"That's why the Recovery Act dedicates $117m for solar - including research and development, deployment and market transformation. That's why the Recovery Act includes $2.3bn in tax credits for US based clean energy manufacturing."
One sector that is rising to the forefront and will be looking to take a lead in the growth of solar is the photovoltaic (PV) industry. Installations of solar PV systems have been growing at a rapid pace in recent years. In 2008, 5,948MW of PV was installed globally, up from 2,826MW in 2007, and was dominated by grid-connected applications.
The United States was the world's third largest PV market in terms of annual capacity additions in 2008, behind Spain and Germany; 335MW of PV was added in the US in 2008, 293MW of which came in the form of grid-connected installations.
Despite the significant year-on-year growth, however, the share of global and US electricity supply met with PV remains small, and annual PV additions are currently modest in the context of the overall electric system.
"The market for PV in the US is driven by national, state, and local government incentives, including up-front cash rebates, production-based incentives, requirements that electricity suppliers purchase a certain amount of solar energy, and Federal and state tax benefits," Ryan Wise, of Lawrence Berkeley National Laboratory (LBNL), says. "These programmes are, in part, motivated by the popular appeal of solar energy, and by the positive attributes of PV - modest environmental impacts, avoidance of fuel price risks, coincidence with peak electrical demand, and the typical location of PV at the point of use."
According to a report from LBNL the installed cost of customer-sited PV systems has declined substantially since 1998, though both the pace and the source of those cost reductions have varied over time. Prior to 2005, installed cost reductions were associated primarily with a decline in non-module costs. Starting in 2005, however, cost reductions began to stall, as the supply-chain and delivery infrastructure struggled to keep pace with rapidly expanding demand.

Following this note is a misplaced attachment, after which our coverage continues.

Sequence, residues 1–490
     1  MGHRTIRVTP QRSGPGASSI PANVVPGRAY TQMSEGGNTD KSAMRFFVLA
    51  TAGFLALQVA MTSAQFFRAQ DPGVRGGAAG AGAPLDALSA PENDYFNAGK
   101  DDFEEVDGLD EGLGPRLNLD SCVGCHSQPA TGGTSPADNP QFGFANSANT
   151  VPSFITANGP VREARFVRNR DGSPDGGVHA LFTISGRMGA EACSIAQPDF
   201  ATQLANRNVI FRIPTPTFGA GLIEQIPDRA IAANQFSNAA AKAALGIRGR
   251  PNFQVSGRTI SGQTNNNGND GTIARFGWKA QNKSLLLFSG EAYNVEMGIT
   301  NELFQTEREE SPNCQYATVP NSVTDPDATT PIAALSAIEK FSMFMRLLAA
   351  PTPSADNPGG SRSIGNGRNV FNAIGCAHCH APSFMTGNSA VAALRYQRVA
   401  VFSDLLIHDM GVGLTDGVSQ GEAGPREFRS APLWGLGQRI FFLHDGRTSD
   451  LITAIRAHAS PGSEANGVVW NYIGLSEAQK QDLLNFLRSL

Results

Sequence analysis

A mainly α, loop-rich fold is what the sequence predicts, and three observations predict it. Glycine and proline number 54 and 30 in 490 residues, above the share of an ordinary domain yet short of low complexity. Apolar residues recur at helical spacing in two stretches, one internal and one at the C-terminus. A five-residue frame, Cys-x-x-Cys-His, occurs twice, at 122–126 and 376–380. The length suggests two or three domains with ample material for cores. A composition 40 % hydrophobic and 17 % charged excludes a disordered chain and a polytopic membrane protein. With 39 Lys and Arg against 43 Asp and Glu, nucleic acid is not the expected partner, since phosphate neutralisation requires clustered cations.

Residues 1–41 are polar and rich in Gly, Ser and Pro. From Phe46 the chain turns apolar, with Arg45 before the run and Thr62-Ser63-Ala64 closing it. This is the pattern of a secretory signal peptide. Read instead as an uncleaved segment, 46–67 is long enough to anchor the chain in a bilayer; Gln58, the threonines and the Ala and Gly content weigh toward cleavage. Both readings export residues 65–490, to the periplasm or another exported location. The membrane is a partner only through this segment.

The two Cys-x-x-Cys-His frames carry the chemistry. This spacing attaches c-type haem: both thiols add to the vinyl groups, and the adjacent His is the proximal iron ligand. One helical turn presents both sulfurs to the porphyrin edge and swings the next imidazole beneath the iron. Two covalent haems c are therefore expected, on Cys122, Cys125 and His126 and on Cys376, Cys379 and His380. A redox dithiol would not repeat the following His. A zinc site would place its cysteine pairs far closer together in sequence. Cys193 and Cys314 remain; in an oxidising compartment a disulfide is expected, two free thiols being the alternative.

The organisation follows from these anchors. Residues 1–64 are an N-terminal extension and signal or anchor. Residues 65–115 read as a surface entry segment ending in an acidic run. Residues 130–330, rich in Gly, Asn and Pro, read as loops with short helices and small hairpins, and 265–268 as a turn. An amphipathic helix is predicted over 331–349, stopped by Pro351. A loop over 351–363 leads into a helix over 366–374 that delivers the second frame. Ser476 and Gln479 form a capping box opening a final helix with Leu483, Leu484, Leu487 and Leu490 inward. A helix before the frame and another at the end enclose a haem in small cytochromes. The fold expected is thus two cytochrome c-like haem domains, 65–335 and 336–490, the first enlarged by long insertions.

In 2008, installed costs resumed their downward trajectory, as module prices began to fall in response to expanded manufacturing capacity and the global financial crisis. Preliminary evidence and industry expectations suggest that module price will continue to fall through 2009.
"The historical trend towards declining installed costs, along with narrowing of cost distributions, suggests that PV deployment policies have achieved some success in fostering competition within the industry and in spurring improvements in the cost structure and efficiency of the PV delivery infrastructure. Moreover, the fact that states with the largest PV markets also appear to have somewhat lower average costs than most states with smaller markets lends some credence to the premise that state and utility PV deployment policies can affect local costs."
Yet, even lower average installed costs in Japan and Germany suggest that deeper near-term cost reductions may be possible. Indeed, further cost reductions will be necessary if the PV industry is to continue its expansion in the customer-sited market, given the desire of PV incentive programmes to ratchet down the level of financial support offered to PV installations.
"Solar stands at a crossroads today - a moment of decision that will profoundly shape the history of our industry and, with it, the history of our world," Rhone says. "And like any crossroads, this one demands a choice. We can accept the tyranny of a century of policies that protects our competitors, or we can fight for a new century of policies that secure our rights. We can decide our rights are worth fighting for or we can sit still and hope for the best."